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The COVID-Immune Connection

Woman with mask
March 15, 2021

Numerous credible sources have been discussing the link between current events and the increase in autoimmunity. They claim we are facing a ‘super-epidemic’ of autoimmune disease as a result of both the COVID-19 infections and vaccines. This may sound alarming if you didn’t happen to know that we are already in an autoimmune epidemic in the western world. Over the last 30 years, the instance of autoimmunity has tripled! The number of Americans with autoimmune disease now surpasses the number with heart disease. In fact, the most common autoimmune disease, Hashimoto’s thyroiditis, accounts for 90% of hypothyroidism cases.

Although there is a genetic component to autoimmune disease, this rapid increase can not be explained by an increase in the frequency of the causal genes. These autoimmune conditions are forming in people who have already been born (and unfortunately research by the Environmental working group shows that mom’s pass on hundreds of toxin residues prior to a child’s birth) and may not have developed the condition until later in life. This means that these genes were always here, but something new is triggering their expression. The study of how environmental factors such as pathogens, chemicals and nutrients affect gene expression is called epigenetics. This category of factors is the culprit for our autoimmune epidemic.

So what has really changed in our environment over the last few decades? More than ever, our society consumes toxins on a regular basis. Pesticides, antibiotics, preservatives and thousands of other chemicals called “persistent organic pollutants” are present in our food, water, medicine and air. In addition to physical toxins, our bodies are also constantly being bombarded with harmful EMF radiation.

Another major factor that has changed in our society is our newfound obsession with sterility and hygiene since the discovery of viruses and other harmful microbes (hand sanitizer anyone?). The hygiene hypothesis refers to the idea that consistently introducing the body to different microbes results in a stronger immune system, whereas keeping the body in a sterile environment weakens the immune system, leading to a higher instance of allergies and autoimmune conditions. Your immune system needs to have the chance to meet different microbes so that it can learn how to launch a defense. If you never give it that chance because you sanitize everything you touch, how will it ever be able to protect you?

While introducing pathogens to your immune system is important for building it, the onset of infection can be a double-edged sword. Professor Yehuda Shoenfield, who is fondly referred to as the ‘father of autoimmunity,’ has identified that the cytokine storm caused by an infection is the first in a pattern of events that consistently lead to autoimmune conditions. Therefore, pathogens can actually provoke autoimmunity in some people while strengthening the immune systems of others. The main determining factor is whether the individual is predisposed for autoimmunity (ie, is the gun loaded and primed?). Other important factors are their gut microbiome health, nutrient status, exposure to environmental pollutants and toxins, stress, hormones and low vitamin D levels.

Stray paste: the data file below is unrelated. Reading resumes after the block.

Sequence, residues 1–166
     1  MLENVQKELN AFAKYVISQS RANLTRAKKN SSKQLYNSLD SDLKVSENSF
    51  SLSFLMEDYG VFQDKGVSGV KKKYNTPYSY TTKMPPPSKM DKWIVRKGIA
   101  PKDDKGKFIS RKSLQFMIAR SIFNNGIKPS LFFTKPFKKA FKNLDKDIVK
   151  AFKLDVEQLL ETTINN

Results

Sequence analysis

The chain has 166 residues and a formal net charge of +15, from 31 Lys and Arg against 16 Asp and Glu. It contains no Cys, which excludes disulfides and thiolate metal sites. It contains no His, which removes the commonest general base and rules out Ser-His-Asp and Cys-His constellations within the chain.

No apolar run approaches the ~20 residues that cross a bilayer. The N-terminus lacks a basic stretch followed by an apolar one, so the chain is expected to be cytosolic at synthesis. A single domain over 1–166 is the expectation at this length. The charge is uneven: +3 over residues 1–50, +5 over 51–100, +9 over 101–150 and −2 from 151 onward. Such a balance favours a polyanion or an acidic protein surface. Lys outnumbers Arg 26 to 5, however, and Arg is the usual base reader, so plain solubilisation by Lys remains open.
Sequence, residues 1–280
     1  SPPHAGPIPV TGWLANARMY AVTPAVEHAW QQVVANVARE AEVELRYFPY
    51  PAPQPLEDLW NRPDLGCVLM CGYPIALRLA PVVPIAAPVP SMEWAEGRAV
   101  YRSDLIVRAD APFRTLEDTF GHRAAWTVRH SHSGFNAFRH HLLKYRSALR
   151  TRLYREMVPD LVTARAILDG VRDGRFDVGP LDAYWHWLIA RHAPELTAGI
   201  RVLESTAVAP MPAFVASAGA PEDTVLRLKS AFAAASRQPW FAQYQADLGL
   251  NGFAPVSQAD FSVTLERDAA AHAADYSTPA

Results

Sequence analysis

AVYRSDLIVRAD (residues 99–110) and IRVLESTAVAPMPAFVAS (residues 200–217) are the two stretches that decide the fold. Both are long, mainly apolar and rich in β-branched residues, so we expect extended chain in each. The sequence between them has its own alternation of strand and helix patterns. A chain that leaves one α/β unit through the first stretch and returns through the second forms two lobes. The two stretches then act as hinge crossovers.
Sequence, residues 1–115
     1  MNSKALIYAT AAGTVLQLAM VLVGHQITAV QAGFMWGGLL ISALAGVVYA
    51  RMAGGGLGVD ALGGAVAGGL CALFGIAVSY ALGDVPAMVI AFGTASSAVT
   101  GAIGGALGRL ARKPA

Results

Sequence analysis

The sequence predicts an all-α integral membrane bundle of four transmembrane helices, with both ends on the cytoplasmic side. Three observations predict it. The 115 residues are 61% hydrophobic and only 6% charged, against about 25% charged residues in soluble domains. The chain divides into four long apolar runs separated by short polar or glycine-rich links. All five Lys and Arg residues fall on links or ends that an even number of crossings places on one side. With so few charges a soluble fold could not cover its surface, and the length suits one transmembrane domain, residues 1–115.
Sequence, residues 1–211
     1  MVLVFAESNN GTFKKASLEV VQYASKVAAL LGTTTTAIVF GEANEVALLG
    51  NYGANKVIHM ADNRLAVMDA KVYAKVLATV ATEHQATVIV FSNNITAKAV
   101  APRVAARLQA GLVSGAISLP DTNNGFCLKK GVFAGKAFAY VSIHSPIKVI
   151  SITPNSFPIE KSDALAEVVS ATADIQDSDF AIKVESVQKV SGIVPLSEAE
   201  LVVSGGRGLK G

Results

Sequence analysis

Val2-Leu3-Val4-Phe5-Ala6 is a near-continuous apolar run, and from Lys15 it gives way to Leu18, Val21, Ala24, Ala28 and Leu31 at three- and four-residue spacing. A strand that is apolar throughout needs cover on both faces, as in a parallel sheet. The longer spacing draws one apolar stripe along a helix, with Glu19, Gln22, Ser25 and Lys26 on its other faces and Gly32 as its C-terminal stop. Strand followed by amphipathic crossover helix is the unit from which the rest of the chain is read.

COVID-19 is not the first time that we as a society have dealt with a coronavirus. This is actually the third of its kind to emerge in the past two decades. In 2003, we saw the SARS epidemic and in 2012, the MERS-CoV epidemic in the Middle East. A correlation between autoimmune diseases and coronaviruses has already been established following these previous outbreaks. Not surprisingly, there is already emerging evidence of autoimmune reactions in the body following a COVID-19 infection and correlations have already been found between severe Covid cases and certain autoimmune diseases including immune thrombocytopenic purpura (ITP), Guillain-Barrė syndrome (GBS), Miller Fisher syndrome (MFS), and, in children, Kawasaki-like disease.

It is common knowledge at this point that COVID-19 cases don’t always end once the initial virus has run its course. The term “Covid long-haulers” refers to those suffering from the first post-viral syndrome to ever be recognized in the medical community. Many COVID-19 patients have found that they are left with such symptoms as these for months following their initial infection: breathing difficulties, chest pain, chills, disorientation, hallucinations, muscle/body aches, insomnia, exhaustion, vomiting, diarrhea, high temperature, hair loss, and even cognitive issues such as memory loss, brain fog and confusion. It seems the most common symptoms are extreme fatigue, lingering cough, shortness of breath and body aches.

So, why do some COVID-19 sufferers end up with this so-called “long COVID” for months, while other people get to kiss their infection goodbye after only a few weeks? A body’s ability to destroy the virus and then repair the bodily damage that it caused is determined by a number of factors. The state of our health prior to the infection, our levels of important immune-supporting vitamins, our genetics and our levels of stress are the most impactful. The problem with these factors is that they can be sneaky. Many people may not be aware that they have one. People don’t know if they have a nutritional deficiency or genetic predisposition. While many so-called ‘long-haulers’ were dealing with another autoimmune condition prior to contracting Covid, sufferers from long-hauler syndrome have also been people who seemed healthy pre-infection.